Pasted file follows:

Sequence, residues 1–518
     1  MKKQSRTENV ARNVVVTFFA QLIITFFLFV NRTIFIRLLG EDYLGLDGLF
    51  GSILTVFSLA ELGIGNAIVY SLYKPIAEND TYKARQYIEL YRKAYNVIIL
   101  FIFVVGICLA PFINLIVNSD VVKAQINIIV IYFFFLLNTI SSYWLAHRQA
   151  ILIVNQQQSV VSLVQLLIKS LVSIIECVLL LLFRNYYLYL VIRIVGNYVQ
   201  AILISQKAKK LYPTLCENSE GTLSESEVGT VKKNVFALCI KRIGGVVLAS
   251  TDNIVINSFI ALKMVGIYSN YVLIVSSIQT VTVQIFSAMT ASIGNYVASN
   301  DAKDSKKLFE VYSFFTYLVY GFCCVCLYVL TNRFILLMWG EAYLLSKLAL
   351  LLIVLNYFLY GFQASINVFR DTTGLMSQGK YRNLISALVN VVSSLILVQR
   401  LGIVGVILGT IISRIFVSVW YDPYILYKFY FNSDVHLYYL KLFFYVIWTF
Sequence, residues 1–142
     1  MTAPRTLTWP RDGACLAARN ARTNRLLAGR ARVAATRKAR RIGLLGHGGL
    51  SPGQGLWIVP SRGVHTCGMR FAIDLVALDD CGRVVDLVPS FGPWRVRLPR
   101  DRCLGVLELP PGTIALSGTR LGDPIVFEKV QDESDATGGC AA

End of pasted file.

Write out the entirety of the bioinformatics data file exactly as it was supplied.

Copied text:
Sequence, residues 1–518
     1  MKKQSRTENV ARNVVVTFFA QLIITFFLFV NRTIFIRLLG EDYLGLDGLF
    51  GSILTVFSLA ELGIGNAIVY SLYKPIAEND TYKARQYIEL YRKAYNVIIL
   101  FIFVVGICLA PFINLIVNSD VVKAQINIIV IYFFFLLNTI SSYWLAHRQA
   151  ILIVNQQQSV VSLVQLLIKS LVSIIECVLL LLFRNYYLYL VIRIVGNYVQ
   201  AILISQKAKK LYPTLCENSE GTLSESEVGT VKKNVFALCI KRIGGVVLAS
   251  TDNIVINSFI ALKMVGIYSN YVLIVSSIQT VTVQIFSAMT ASIGNYVASN
   301  DAKDSKKLFE VYSFFTYLVY GFCCVCLYVL TNRFILLMWG EAYLLSKLAL
   351  LLIVLNYFLY GFQASINVFR DTTGLMSQGK YRNLISALVN VVSSLILVQR
   401  LGIVGVILGT IISRIFVSVW YDPYILYKFY FNSDVHLYYL KLFFYVIWTF
Sequence, residues 1–142
     1  MTAPRTLTWP RDGACLAARN ARTNRLLAGR ARVAATRKAR RIGLLGHGGL
    51  SPGQGLWIVP SRGVHTCGMR FAIDLVALDD CGRVVDLVPS FGPWRVRLPR
   101  DRCLGVLELP PGTIALSGTR LGDPIVFEKV QDESDATGGC AA